The hive I split six weeks ago swarmed today.
The split itself was successful. Lisa looked into the hive Monday and found multiple frames of capped brood, and honey being laid down. She gave them a honey super with a couple of frames of old (to thick to extract) honey. When I looked today the honey was gone and there were bees all over the new super. This usually means that the hive is about to start putting honey there. I put in three more frames of old honey, hoping they’ll refurbish them as well.
Lisa also took a quick look at the old hive and found it crammed with bees. It already had a super and honey had started going in. She also mentioned to me today that she saw pollen coming in on every forager, a sure sign of heavy brood rearing. I should have had her look into the brood nest for swarm cells, but hindsight is always 20-20.
Lisa saw the swarm tornado about ten this morning, and by the time I got suited up, the swarm was in the pine tree. It was a big one, easily twice the size of the ones I remember from 2004-05. The old hive was still covered with bees, and I went in anyway. The hive body was also still full of bees although the super had neither honey nor bees, and there were frames and frames of capped brood including several swarm cells and row after row of drone cells. A virgin queen needs mates after all. I didn’t see any young brood though. It makes sense that the queen’s slimming down to flying weight stops her laying temporarily. Anyway, a couple of weeks without new bees won’t be an issue for this hive, it still has plenty. Unfortunately the swarm had taken all the honey with it. I found a couple frames with uncapped nectar, but there was no honey or pollen anywhere. They’re fine with all those foragers in the middle of June, but the swarm took probably 70 pounds of honey that will have to be replaced before any gets laid down for us.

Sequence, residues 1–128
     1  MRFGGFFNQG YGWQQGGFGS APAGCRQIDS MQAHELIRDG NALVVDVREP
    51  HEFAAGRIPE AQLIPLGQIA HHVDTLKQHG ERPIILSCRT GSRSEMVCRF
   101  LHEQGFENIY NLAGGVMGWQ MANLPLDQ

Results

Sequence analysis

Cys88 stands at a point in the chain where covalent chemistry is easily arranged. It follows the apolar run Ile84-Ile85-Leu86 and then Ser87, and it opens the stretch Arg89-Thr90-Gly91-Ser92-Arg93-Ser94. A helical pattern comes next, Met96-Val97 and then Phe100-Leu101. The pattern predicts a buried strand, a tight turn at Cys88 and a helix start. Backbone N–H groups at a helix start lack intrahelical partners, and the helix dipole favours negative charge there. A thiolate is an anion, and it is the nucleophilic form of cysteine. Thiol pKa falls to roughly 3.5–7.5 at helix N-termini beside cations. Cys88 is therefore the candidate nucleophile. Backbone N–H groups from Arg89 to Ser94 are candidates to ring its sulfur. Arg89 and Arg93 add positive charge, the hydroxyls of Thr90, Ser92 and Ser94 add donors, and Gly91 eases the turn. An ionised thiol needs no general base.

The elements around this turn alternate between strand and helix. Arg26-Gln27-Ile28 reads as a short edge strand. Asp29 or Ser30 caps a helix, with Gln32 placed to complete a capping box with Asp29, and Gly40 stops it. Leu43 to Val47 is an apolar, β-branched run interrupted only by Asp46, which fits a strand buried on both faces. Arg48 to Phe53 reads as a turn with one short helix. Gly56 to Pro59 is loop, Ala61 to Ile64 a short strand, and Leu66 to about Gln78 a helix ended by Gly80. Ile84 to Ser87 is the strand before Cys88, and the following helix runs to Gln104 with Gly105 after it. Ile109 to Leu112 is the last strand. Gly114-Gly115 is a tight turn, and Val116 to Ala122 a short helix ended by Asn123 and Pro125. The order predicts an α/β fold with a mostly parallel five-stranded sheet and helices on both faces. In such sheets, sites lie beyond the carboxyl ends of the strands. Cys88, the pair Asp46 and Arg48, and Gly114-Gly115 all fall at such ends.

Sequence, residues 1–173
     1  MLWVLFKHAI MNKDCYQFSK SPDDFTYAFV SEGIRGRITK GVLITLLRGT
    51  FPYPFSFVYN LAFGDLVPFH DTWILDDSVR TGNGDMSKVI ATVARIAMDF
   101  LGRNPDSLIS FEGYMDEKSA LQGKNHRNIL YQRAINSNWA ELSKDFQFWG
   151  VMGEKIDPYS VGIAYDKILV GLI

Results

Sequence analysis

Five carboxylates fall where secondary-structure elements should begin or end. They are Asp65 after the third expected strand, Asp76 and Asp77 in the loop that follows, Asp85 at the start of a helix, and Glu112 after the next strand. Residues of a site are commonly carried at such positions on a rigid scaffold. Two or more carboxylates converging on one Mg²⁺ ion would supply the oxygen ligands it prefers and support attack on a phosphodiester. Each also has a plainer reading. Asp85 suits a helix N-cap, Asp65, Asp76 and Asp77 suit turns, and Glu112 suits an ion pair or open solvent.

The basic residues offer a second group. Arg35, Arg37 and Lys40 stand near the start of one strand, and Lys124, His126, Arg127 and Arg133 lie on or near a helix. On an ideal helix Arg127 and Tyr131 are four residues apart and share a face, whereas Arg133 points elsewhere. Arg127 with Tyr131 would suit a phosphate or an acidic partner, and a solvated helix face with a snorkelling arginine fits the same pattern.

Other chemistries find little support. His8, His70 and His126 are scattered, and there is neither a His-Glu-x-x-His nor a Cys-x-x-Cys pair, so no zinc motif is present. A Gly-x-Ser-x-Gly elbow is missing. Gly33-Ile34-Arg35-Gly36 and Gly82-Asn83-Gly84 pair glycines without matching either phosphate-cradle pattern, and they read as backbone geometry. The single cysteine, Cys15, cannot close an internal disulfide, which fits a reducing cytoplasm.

Looking at the situation, I decided to try another split, since there seemed little to lose. I still had three deep supers, all with partially drawn black plastic frames. (I’d used the good stuff in May.) I pulled two frames of brood, including three unopened swarm cells, and two additional frames of bees and put them in a deep super on an adjacent pallet. Since they’ll have few foragers for several days, I gave them half a super of 2008 honey to tide them over. I made sure that the brood frames left behind included at least one swarm cell. I’m now remembering that there was at least one empty swarm cell as well. I’m hoping that if there is a virgin queen out and about she had not had time (only minutes after all) to kill her sisters before I whisked them away. There is no brood in either hive young enough to raise a queen from.
By the time I was done, the swarm had moved on. I’ll keep an eye out for it, but I’m not optimistic. There’s still plenty of time for us to get honey from the two older hives. I’m less optimistic about today’s split, given all the comb it has to draw, but global warming and invasive plants might give us a super of Japanese knotweed honey in the fall.